Swappa: Help

Loading the film

When loading the  it is useful to mark the first frame (frame zero) in order to allow a better superposition.

It is not always possible to have a perfect superimposition but to improve your chances

  • Fold the beginning of the film where it connects to the take up spool
  • Stick a small piece of tape over the film and the take up spool (see video tutorial below)
  • Take a permanent pen and draw a line around the frame zero (the frame which is in front of the shutter when you load the film).

When your Swap Buddy receives your film after you exposed it, he/she will  have to load it the same way trying to position the frame zero marks in front of the shutter.

Confused? Watch the video tutorial below!

Unloading the film

Once you have exposed a film roll for the first time, you need to rewind it partially so that the feeding tab (the loading part of the film) remains outside of the film can, just like a new unexposed film roll.  So when you send it  to your Swap Buddy,  he/she can easily reload it in a camera and shot over the film a second time.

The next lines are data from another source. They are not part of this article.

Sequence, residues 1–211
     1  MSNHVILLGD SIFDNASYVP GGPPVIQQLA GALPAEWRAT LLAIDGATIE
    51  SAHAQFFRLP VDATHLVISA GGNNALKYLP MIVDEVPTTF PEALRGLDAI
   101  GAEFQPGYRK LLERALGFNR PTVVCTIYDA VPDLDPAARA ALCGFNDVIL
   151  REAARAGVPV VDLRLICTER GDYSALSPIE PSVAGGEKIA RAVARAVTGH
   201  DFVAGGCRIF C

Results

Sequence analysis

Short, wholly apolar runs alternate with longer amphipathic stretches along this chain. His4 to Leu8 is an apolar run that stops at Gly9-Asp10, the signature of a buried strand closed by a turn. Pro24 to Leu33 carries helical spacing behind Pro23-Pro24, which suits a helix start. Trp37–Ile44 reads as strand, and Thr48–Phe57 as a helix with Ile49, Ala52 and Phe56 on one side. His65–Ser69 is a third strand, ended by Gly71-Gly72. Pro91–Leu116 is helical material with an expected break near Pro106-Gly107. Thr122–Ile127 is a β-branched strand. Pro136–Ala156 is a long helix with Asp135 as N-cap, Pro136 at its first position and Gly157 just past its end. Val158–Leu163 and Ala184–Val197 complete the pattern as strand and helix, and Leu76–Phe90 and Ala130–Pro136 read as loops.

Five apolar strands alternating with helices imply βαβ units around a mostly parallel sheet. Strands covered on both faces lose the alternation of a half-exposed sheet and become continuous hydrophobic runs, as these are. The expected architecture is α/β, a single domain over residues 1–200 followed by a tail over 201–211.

• If you have used the tape techique rewind VERY SLOWLY until you feel some resistance then you can open your camera
  • If you forgot to put the piece of tape when you loaded the camera, do the as follow in total darkeness (like in a darkroom or at night under the sheets): open your camera back and gently rewind the film while putting a finger on it, so you can feel when you are reaching the end and stop before the film is completely into the can.

If you are exposing the film for the second time, you can just rewind the film  as usual.

Exposing the film

Your film will be exposed twice, so it will receive a double amount of light . To achieve the best results you should both underexpose the film. So if you camera has an ISO selector and you are using an ISO 100 film you should set  the selector at ISO 200, so that the film gets half the light.

If  you are using an ISO 200 film, set  the selector at ISO 400

If  you are using an ISO 400 film, set  the selector at ISO 800 and so on.

If you camera hasn`t got a selector just ignore everything we just said and keep shooting! It will be awesome anyway!

Remember that light (and bright colors) will “burn” the film and will definitely cover the other shot on the same frame! In other words, if you soot at the sun, or bright sky, or a white object under direct light, .. these will cover anything else darker on the film.
On the other hand, dark zones in your composition will not expose the film so it will let appear anything brighter exposed on the film.


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